Fact Sheet
Bureau of International Narcotics and Law Enforcement Affairs
May 3, 2010


The Bureau of International Narcotics and Law Enforcement Affairs (INL) provides assistance to Pakistan in three primary areas:

  • Border Security Program (see separate fact sheet)
  • Law Enforcement Reform and Capacity Building
  • Counternarcotics (see separate fact sheet)

The program is nationwide, but particular emphasis is placed on the Federally Administered Tribal Areas (FATA), the Northwest Frontier Province (NWFP), and Baluchistan. Programs are managed in-country by the U.S. Embassy Islamabad’s Narcotics Affairs Section (NAS). All assistance is implemented in close partnership with Pakistan's Federal and provincial government entities.

Law Enforcement and Criminal Justice Program

Builds off of the Government of Pakistan’s 2002 Police Order and implemented nationwide with beneficiaries drawn from the Provincial Police, Federal Investigation Agency (FIA), Frontier Constabulary, Levy Forces, and Islamabad Capital Territory police.

Key Program Objectives:

  • Provide technical assistance, training, and equipment to augment the capacity of Pakistani law enforcement and security agencies;
  • Institute modern fingerprint identification methodologies as standard operating procedures in criminal investigations;
  • Enhance executive management skills, training, infrastructure development, strategic planning, and corruption prevention through institutional police reform programs;
  • Improve the capacity of law enforcement agencies in the NWFP, FATA, and – pending receipt of FY 2010 funding – Balochistan to prevent and respond to insurgency-related incidents, including suicide bombings, improvised explosive device detonations, kidnappings, and targeted killings perpetuated by insurgents, as well as routine community policing contingencies; and,
  • Support organizational reform and capacity building in Pakistan’s criminal justice system.

Strategy: INL achieves these program objectives through the following activities:

  • NWFP Law Enforcement Training – In 2009, a new training assistance effort began to enhance police survivability and response capacity to high-threat contingencies in NWFP.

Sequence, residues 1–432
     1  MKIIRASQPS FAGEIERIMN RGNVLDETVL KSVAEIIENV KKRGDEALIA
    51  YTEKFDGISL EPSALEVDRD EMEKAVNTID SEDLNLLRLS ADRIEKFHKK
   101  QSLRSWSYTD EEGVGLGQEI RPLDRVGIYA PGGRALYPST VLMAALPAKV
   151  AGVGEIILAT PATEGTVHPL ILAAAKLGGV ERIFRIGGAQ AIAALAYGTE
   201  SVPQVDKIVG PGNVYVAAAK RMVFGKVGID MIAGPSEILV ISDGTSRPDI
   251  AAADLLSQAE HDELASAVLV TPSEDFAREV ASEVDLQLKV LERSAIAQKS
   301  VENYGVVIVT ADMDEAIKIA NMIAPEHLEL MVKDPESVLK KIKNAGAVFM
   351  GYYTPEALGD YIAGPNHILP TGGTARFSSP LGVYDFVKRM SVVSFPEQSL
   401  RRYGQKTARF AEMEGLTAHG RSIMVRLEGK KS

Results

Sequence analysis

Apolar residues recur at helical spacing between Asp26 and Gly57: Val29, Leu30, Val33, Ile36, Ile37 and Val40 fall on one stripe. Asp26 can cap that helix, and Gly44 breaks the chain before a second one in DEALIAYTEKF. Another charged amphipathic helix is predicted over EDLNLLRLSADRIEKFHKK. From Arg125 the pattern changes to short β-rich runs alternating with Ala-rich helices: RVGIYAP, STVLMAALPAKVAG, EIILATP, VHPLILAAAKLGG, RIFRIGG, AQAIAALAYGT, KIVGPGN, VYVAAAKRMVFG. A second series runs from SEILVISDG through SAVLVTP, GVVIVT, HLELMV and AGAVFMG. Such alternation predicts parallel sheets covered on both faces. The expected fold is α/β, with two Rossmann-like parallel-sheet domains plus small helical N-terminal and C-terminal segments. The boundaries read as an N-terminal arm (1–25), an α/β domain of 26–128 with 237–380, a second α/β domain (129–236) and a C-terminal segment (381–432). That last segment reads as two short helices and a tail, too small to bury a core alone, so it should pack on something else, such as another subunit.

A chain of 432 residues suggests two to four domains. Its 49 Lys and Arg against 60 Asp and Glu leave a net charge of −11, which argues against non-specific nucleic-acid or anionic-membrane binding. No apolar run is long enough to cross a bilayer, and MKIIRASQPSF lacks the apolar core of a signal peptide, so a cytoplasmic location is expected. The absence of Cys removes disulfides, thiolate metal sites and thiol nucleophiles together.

• Law Enforcement Reform – Provide training and mentoring to acquaint law enforcement personnel with modern practices in criminal investigation, academy curriculum development, and leadership/management. Courses offered include small unit tactics, civil disturbance management, and explosive response training.
  • Levy Training – FATA Levies (tribal police force) are trained in technical skills, small unit tactics, and counter-IED and counter-suicide bomber tactics.
  • Commodity and Infrastructure – Provision of wide range of commodity support, including protective gear, communications equipment, armored vehicles, as well as training center construction and security upgrades to training sites and police stations and posts.
  • Criminal Justice Program – A Resident Legal Advisor (RLA) conducts training and mentoring to strengthen prosecutorial services, judicial reform, judicial security, and anti-money laundering efforts.

Locations: Law Enforcement and Criminal Justice programs are nationwide in scope with a special focus on civilian law enforcement entities in the NWFP and FATA.

Accomplishments:

  • In 2009, over 2,100 law enforcement personnel received INL training. Since 2002, INL has trained over 10,000 law enforcement officers. Courses include Explosive Response Training, Post Blast Investigations, IED Recognition, and Bomb Team Command Training, which have key counterterrorism applications.
  • Nearly 200 Levies completed INL-sponsored Levy training during 2009 and approximately 500 have graduated since the program’s establishment in mid-2007.
  • Since August 2009, approximately 8,000 protective barriers have been installed to harden strategic police stations, posts, and checkpoints.
  • Since October 2009, 132 NWFP Elite Force commanders have been trained in civilian police leadership and human rights and use of force. In addition, communication equipment, vehicles, armored personnel carriers, helmets, and over 3,000 protective vests ordered for the NWFP Police Elite Force will be delivered in early 2010.
  • In 2008, over fifty Pakistani trainers completed Civil Disturbance Management (CDM) training, which gave training institutions the ability to formally train police officers in methods to effectively and humanely manage large and possibly hostile crowds. Courses are heavily weighted toward non-violent crowd management tactics and the UN Convention on Human Rights.
  • In 2008, over 30 teams nationwide were trained in post-blast investigation and rendering safe an explosive device.